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Emac's Bottom Line

Health Reform's CLASS Act

Emac's Bottom LineFOXBusiness

There's been enough budget tricks to avoid puffing out the deficit in the Senate health care bill to stuff a magician's hat full. But one budgetary piece of legerdemain trumps the rest.

Almost half of the CBO's federal budget "savings" in the Senate health care plan results from establishing a new federal entitlement program ($72 billion of $132 billion over 2010-2019).

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We're not talking about the public option here, an idea that could be resurrected still. And we're not talking about the expansion of Medicare to cover more Americans.

Under the new "Community Living Assistance Services and Supports (CLASS) program," active workers could purchase long-term insurance coverage, usually through their employer, notes Fox News senior analyst James Farrell.

Although most individuals would be required to pay premiums, estimated by the government at $240 per month at inception, students and individuals under the federal poverty level would pay only $5 per month, Farrell says.  The program would provide a cash benefit of no less than an average of $50 per day, with no lifetime or aggregate limit.

Now, how can establishing a new entitlement program lowerfederal budget costs?  Simple: Elected officials say cash flow will take care of costs, says Farrell.

Really? The CBO already estimates that the costs for this new program will eventually, just like Medicare, Medicaid and Social Security, outstrip its revenues. Medicare alone has unfunded liabilities that would block out the sun, an amount that nearly approximates the GDP of the entire planet.

But because the program is estimated to collect revenues that exceed its costs in the initial years, and because it will not pay any benefits until after five years into the program, presto-change-0, the federal government can show "savings."

Talk about stretching a point until it snaps. Only in DC's land of make-believe accounting do you see this impenetrably delusional bookkeeping. Has your head exploded yet?

How badly will this ticking time bomb injure taxpayers when it eventually explodes? That it is the audacity of hope to think this program won't hurt taxpayers is an understatement. When will Congress begin to pay itself in Treasurys? When will it be forced to eat its own cooking?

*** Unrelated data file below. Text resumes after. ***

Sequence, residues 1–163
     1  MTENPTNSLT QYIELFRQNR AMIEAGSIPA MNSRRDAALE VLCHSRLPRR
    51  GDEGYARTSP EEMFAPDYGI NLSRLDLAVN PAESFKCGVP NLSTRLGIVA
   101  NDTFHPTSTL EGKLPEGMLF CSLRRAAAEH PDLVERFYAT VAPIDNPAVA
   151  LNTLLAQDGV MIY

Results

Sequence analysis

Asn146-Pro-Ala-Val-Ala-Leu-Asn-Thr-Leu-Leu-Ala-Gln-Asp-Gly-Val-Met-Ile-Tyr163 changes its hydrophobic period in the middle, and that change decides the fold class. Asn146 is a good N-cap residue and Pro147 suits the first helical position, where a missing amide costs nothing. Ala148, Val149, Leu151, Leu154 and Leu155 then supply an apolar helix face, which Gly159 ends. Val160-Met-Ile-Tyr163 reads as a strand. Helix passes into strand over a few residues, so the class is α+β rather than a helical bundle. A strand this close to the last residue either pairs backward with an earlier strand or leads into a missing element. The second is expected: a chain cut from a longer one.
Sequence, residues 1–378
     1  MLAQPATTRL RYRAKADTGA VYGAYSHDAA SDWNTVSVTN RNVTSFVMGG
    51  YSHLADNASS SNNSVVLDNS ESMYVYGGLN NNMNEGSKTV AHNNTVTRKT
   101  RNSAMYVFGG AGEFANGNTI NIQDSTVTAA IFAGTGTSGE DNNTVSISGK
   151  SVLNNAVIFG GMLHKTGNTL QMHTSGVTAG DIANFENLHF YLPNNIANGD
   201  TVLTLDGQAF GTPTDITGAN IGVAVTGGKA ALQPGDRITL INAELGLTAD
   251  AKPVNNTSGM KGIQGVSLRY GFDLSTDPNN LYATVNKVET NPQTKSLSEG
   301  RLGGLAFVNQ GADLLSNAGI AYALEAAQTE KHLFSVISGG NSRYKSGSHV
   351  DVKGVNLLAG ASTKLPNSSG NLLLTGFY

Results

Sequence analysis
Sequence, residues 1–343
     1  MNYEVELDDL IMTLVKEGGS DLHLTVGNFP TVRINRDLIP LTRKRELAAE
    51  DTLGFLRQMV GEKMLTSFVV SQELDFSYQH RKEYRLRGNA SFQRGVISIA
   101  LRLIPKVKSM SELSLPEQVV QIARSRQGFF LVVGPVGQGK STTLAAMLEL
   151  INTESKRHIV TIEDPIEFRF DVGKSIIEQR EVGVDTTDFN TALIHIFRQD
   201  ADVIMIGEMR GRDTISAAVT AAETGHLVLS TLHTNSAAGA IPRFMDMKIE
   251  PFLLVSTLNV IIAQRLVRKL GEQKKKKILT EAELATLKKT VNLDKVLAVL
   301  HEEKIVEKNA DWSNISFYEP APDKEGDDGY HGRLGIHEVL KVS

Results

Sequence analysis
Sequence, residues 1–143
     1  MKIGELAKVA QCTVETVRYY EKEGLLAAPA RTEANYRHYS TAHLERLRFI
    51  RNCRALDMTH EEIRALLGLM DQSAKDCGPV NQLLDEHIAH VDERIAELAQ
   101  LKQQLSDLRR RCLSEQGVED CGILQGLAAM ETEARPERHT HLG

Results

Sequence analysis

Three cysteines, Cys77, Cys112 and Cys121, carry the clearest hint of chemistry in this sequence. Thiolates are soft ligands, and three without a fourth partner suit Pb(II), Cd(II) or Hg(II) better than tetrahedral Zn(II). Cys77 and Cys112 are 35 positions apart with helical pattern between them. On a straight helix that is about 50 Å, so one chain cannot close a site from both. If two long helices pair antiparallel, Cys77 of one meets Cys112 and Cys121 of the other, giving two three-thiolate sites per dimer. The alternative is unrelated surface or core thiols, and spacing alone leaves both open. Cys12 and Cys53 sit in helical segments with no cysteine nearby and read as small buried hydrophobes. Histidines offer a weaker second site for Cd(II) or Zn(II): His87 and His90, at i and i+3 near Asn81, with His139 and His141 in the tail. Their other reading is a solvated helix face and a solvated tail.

This "CLASS" program is of a piece with the Congress's moves to get taxpayers believing that reform "won't add a penny to the deficit," as the President avows, by having the health bill pay for six years of reform with ten years of taxes and fees, more than $400 billion from 18 new taxes and levies.

To get the doctors on board, you've seen, too, that the Congress has shuffled off the "doc fix" into a separate bill, whereby elected officials are actually paying doctors enrolled in Medicare more money, not less, even though by law their Medicare payment rates would have been cut by about 21% in 2010 and then decline further in subsequent years.

You've seen as well the promises from the American Medical Association, that the nation's doctors will deliver whopping cost savings to pay for health reform--promises that would entail corraling the country's 183,000 doctors to do that.

You'd have better luck at shepherding mice through a baseball stadium. Or catching gnats in a hurricane. This is health reform built on spit and a handshake. Health reform paid for with fumes and lilac-scented promises.

When it comes to the new CLASS program, the CBO put out a report that shows how cowed this supposedly nonpartisan group has become.

It notes that "[i]n the decade following 2029" it "would begin to increase budget deficits," adding though "however, the magnitude of the increase would be fairly small compared with the effects of the bill's other provisions."

However, a report by the Center for Medicare and Medicaid Services' [CMS] chief actuary paints a much more dire prediction.

The CMS states that the program will result in a "net Federal cost in the longer term," Farrell notes.

The CMS warns that the program is structured in such a way as to result in a classic "insurance death spiral," because most of the people likely participating will be the $5 per month subsidized individuals with higher claims.

The CMS adds that "there is a very serious risk that the problem of adverse selection would make the CLASS program unsustainable." [Emphasis EMac's].

Sources : 1. CMS December 10, 2009 Memorandum from Richard S. Foster, Chief Actuary,

2. CBO, Patient Protection and Affordable Care Act, Incorporating the Manager's Amendment, December 19, 2009,]

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